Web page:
Other agencies, however, have taken a hard stance again plane spotting of any sort. The Port Authority of New York and New Jersey, for example, is notorious for being against the activity, with a police force who does not want to hear about the legality of the issue.

Although there is no rule against amateur photography on airport property, contracted security companies and the Port Authority Police have no tolerance for spotting, forcing spotters off airport property.

 

A CanJet Boeing 737-800 “reaches the beach at SXM”! First time spotting a new airline for me, while at St. Maarten, which is the undisputed king of spotting. locations.
Photo by: Jason Rabinowitz @AirlineFlyer

Tools of the Trade

Plane spotting has evolved from its roots of using nothing but binoculars, to a high-tech, real-time game. Before heading out for the day, some spotters check what’s called ACARS, which alerts users to special aircraft coming in that day. Throughout the day, spotters now rely heavily on their smart phones to airport operations updates, as well as live tracking of aircraft.

For those that do not have a dedicated radio scanner, the application LiveATC provides live audio from hundreds of airports around the globe, letting spotters keep track of runway usage and activity.

One of the newest advances for spotters is the use of live aircraft tracking applications, such as Flight AwarePlane Finder and Flight Radar 24.   These applications connect to a network of receivers which report the exact location, speed, and heading of many aircraft worldwide. This technology is more heavily used in Europe than in the United States, but is slowly catching up stateside. Using these applications, spotters can see exactly where an aircraft is, even on the ground at some airports, making spotting special aircraft a bit easier.

 

A hybrid livery crossing shot? That doesn’t happen often! A Caribbean Airline Boeing 737-800 and Delta Boeing 767 on parallel approach to New York JFK. The shallow depth-of-field makes them appear to be much closer together then they are in reality.
Photo by: Jason Rabinowitz @AirlineFlyer

Why Plane Spotting?

When someone is asked “why do you go plane spotting?” you may not get a clear answer at first. Kevin Epstein, who operates aviationphotographic.com, a site where enthusiasts can post pictures from their spotting outings, says plane spotting is simply genetically coded in his DNA. “There’s always something to see. New liveries, new airlines, you could go [to LAX] for months on end and still not see all the planes in the fleets.”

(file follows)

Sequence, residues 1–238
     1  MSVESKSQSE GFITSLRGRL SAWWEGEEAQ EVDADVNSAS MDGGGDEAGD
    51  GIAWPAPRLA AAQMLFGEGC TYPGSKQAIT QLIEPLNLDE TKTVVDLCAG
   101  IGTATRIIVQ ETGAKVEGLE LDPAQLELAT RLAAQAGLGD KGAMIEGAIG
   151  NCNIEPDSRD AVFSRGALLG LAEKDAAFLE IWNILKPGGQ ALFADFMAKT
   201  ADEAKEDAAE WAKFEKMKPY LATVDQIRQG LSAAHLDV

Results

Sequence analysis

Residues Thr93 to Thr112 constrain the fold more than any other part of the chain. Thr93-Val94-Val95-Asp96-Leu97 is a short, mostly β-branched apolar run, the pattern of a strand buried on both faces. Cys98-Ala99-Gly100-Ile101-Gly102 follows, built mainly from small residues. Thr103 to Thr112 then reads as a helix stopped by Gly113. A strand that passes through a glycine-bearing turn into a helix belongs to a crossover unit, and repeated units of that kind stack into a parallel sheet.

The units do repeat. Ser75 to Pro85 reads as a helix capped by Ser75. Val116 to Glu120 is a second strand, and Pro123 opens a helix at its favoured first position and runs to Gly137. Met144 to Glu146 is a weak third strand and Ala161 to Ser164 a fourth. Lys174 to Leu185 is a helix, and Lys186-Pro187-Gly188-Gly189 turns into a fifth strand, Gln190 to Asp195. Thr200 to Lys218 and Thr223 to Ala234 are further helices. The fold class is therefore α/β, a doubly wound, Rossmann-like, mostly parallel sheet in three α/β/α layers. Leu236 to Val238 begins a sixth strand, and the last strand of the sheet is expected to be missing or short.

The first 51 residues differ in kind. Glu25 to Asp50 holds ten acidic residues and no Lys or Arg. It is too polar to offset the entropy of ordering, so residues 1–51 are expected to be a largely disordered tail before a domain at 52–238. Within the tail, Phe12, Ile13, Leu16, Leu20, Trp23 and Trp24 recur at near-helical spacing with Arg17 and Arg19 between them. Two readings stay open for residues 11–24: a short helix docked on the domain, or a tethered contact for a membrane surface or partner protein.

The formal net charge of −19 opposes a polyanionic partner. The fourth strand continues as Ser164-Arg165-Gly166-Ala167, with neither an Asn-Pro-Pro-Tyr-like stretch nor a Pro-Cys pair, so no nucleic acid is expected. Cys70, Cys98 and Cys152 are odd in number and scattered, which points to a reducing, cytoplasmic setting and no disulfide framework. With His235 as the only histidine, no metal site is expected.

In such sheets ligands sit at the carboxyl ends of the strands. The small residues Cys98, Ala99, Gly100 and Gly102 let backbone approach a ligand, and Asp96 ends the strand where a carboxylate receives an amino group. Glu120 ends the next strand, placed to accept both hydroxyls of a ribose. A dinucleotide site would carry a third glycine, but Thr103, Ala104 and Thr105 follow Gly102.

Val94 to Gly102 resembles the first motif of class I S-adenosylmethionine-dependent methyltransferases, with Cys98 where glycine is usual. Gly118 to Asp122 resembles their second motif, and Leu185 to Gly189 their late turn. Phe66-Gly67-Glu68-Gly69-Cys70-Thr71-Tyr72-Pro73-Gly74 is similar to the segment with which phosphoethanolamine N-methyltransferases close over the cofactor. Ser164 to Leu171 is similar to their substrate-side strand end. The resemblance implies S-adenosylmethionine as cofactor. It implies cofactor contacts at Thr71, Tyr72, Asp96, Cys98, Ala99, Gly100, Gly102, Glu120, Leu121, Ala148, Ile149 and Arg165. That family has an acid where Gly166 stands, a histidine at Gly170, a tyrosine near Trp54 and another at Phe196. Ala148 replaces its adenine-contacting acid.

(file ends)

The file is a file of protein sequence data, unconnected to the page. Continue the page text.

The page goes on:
Other spotters attempt to snap a photo of every aircraft in a particular airlines fleet, identified by the registration number on the fuselage. Much like how a collector of baseball cards searches for specific cards, plane spotters attempt to catch every variation of aircraft and airline because they love aviation.

“I go plane spotting because it’s relaxing,” said Phil Derner of NYCAviation. “Aside from the planes, I get to enjoy a nice afternoon with great people, sharing laughs and smiles in what feels like a mini-vacation.”

At the end of the day, plane spotting combine’s peoples love for aviation, great friends, and the challenge and getting that perfect shot.

 

The author, Jason Rabinowitz in the right seat on the flight deck of the first American Airlines plane, a Boeing 737-800, painted in the “New American” livery. Jason is the New York based co-editor of the phenomenally popular NYCAviation website, a contributor to the industry-leading and B2B publication APEX Association specializing in the passenger experience, a plane spotter extraordinaire, and a very active member of the #AvGeek Twittersphere @AirlineFlyer. See more of Jason’s work at AviationPhotographic.com and on his Airline Flyer Facebook page.